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Counting 24 breweries in its greater metropolitan area, this burg is Florida’s beertopia. Dunedin Brewery is the state’s oldest continuously operated brewery. It has a stable of solid taps, as well as seasonal hits such as Leonard Croon’s Old Mean Stout. Cigar City Brewing crafts a variety of ales perfect for sipping in the Florida heat, including the Jai Alai and Humidor Series IPAs. Saint Somewhere Brewing makes traditional Belgian-style ales, adding local ingredients such as Palmetto berries and hibiscus flowers.

Florida Woman Spends $164,000 a Year to Live Permanently on a Cruise Ship

86-year-old Florida widow Lee Wachtstetter has spent the past seven years living permanently on the Crystal Serenity, a 1,070-passenger cruise ship, a residency that costs her around $164,000 a year. The woman, known as “Mama Lee” to crew members, isn’t sure exactly how many countries she’s visited in the process, claiming to have lost track after she hit number 100. She adds that her late husband was the inspiration for her unique lifestyle.

My husband introduced me to cruising. Mason was a banker and real estate appraiser and taught me to love cruising. During our 50-year marriage we did 89 cruises. I’ve done nearly a hundred more and 15 world cruises.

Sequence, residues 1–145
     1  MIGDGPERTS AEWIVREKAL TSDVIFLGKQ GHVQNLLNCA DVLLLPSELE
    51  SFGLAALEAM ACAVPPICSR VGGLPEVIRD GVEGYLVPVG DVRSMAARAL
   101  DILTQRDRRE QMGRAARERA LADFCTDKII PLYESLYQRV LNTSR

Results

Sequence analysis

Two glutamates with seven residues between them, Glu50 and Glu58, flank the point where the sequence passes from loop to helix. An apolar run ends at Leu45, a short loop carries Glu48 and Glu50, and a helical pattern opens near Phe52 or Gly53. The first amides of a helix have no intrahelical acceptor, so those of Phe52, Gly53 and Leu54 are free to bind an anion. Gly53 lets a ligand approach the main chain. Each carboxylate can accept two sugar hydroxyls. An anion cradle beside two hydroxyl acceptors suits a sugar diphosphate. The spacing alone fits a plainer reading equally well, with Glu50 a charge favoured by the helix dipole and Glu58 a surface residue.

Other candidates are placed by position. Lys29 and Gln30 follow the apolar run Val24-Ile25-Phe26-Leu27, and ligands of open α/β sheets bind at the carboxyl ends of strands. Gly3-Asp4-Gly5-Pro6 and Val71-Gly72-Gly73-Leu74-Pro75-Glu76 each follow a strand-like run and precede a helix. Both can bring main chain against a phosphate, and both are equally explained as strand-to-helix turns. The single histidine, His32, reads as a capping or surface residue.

Hyatt Hotels to Offer Free Wi-Fi Access in All of the Guest Rooms and Lobbies of Its Worldwide Locations

The Hyatt Hotels chain has announced plans to offer free Wi-Fi access in all of its guest rooms and lobbies across the world beginning in February 2015. The service will be made available free of charge to all guests, while elite members of the Hyatt Gold Passport loyalty program will be upgraded to premium service, free of charge. Hyatt brand vice president Kristine Rose said the move comes as the perception of wireless services shifts from amenity to necessity.

Internet connectivity is no longer an amenity. It has become an integral part of travelers’ daily lives and a basic expectation. Travelers shouldn’t have to remember which brands or locations offer it for free or the strings attached to get it.